cj#415> re: media manipulation; bread & circuses


Richard Moore

Date: Tue, 16 Jan 1996
Sender: •••@••.••• (Alan Dawson)
Subject: Re: cj#400> re: media manipulation; bread & circuses

rkm wrote:
>        I'd like to second the motion that we reconsider our assumptions
>about apathy.  Are _you_ apathetic?  Are most of _your_ closest friends
>apathetic?  Isn't it mostly the vague "them" who are the apathetic ones?  A

Thank you.
I think this is an important point for our times -- "we" are told
over and over that "they" are apathetic. And I think that we FAR too
often nod our heads sadly, without stopping to think that in fact we
ARE them.

I certainly don't think the solutions to this are nearly as easy as
identifying the problem, for what that's worth. Just taking the
question as to why so few people vote, for example, because it's the
one that is most used to "prove" apathy. OK, we accept it proves no
such thing. But then when we look at why people don't vote we see
TWO of the many reasons are:
  - a feeling of helplessness over the effects of one vote
  - a revulsion against all candidates, and lack of a "none of
    the above" choice on the ballot

There are many others. But in either of the above cases, the very
unapathetic and even *activist* citizen is frustrated in his goals
right from the get-go. The system, in fact, is set up *as if* to
oppose him directly.

>case can be made that not voting is a sign of pragmatic intelligence, not
>apathy.  I believe public apathy is a myth -- it only seems to exist
>because (as Alan points out) there aren't any evident productive avenues
>for action.  The rampant success of fundamentalisms of various stripes is
>evidence that people have a desperate need to join with others, and that
>they have energy to devote to a cause, if it has its act together.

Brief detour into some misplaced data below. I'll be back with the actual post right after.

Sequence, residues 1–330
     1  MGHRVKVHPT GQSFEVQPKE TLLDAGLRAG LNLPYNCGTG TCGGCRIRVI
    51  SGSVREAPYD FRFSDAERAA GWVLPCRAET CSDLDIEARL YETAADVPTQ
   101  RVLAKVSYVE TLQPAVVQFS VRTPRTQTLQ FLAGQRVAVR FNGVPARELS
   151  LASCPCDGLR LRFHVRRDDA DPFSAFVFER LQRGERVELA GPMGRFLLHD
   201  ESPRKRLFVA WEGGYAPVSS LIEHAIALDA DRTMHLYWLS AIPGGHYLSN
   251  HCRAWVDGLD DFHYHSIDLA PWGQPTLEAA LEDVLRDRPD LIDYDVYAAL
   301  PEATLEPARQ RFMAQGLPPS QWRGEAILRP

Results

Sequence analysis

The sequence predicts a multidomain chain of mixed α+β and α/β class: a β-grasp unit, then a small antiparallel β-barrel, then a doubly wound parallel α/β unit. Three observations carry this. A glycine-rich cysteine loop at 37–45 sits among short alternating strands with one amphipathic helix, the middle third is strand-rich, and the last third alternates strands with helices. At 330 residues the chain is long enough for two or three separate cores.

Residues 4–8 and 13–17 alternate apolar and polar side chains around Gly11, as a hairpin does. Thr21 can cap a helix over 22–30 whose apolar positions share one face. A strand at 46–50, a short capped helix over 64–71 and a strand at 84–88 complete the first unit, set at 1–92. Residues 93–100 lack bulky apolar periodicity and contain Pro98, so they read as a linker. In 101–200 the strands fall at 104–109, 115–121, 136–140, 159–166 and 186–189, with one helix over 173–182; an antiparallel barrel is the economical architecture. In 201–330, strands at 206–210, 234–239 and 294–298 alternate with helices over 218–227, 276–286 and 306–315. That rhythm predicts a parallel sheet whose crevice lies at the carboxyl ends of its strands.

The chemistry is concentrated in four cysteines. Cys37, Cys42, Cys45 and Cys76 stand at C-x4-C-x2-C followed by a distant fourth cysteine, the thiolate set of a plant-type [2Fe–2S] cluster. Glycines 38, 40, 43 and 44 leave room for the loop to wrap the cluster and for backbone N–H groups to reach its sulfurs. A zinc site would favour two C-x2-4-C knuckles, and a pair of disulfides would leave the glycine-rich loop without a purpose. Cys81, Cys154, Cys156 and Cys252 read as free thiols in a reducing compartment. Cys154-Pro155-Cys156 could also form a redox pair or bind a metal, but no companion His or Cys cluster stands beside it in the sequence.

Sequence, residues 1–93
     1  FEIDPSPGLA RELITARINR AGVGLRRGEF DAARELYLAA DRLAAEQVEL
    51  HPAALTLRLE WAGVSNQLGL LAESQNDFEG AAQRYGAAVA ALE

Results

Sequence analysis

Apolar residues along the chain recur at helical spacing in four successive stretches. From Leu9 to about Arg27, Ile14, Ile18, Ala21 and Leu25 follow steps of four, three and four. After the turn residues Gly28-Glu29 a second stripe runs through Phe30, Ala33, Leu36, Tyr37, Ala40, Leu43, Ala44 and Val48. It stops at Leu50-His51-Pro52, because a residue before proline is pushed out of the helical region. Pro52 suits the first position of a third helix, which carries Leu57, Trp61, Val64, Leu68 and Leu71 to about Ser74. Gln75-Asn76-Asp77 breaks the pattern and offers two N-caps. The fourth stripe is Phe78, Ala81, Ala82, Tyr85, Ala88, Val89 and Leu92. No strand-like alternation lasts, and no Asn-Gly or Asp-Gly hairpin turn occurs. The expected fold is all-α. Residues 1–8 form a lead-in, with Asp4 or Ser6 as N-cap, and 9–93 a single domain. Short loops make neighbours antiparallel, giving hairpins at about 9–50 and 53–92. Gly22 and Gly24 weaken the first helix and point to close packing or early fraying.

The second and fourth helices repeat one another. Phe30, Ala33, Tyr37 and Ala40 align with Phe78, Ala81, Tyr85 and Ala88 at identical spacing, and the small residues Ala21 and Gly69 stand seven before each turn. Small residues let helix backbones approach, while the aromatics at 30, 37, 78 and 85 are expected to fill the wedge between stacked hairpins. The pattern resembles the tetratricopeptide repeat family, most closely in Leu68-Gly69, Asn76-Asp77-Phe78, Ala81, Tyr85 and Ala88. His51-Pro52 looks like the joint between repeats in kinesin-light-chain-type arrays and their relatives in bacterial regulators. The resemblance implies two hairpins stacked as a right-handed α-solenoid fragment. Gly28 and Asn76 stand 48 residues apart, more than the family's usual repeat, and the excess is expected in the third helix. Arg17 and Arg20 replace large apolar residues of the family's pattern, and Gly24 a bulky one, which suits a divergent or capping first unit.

Not everyone will, or can, "devote" to a cause. Many will only have
the time or resources to support a cause, and that support can come
in many different forms. Some citizens would, say, rather spread
themselves around a bit and support several different causes rather
than devote themselves to one. And, of course, the citizen in
grinding poverty (speaking of extreme examples) has serious
priorities above and beyond his political cause.

But on the other hand, the citizen *I* would class as
possibly/probably apathetic is the one who *always* votes for the
candidate from "his" party, no matter what. I think lots of people
who don't vote are very un-apathetic in making that choice. I'm about
to stop voting myself, in fact, but it has been a good long time
since I have voted for a provided candidate, and I really can't
recall the last time I voted for either of the two choices from The
Party with Two Names.

I read a story recently by a guy who received a call from a pollster.
The voice asked him whether he preferred Clinton or Dole as the next
   "Neither," he answered.
   "But if the election were held tomorrow and these were the two
candidates, who would you vote for?"
   "I refuse to vote for either one of those people under any
circumstances. They both give me the creeps."
   "But if voting were mandatory, and you HAD to choose one of
   "If voting were mandatory and these were the choices I'd go to
jail before I'd vote for one of them."
   "OK," said the pollster, "I'll put you down as undecided."

•••@••.••• (Alan Dawson)

 ... The above opinions are my own and not necessarily those
 ... of the entire Clinton family.


 Posted by Richard K. Moore (•••@••.•••) Wexford, Ireland
 •••@••.•••  | Cyberlib=http://www.internet-eireann.ie/cyberlib
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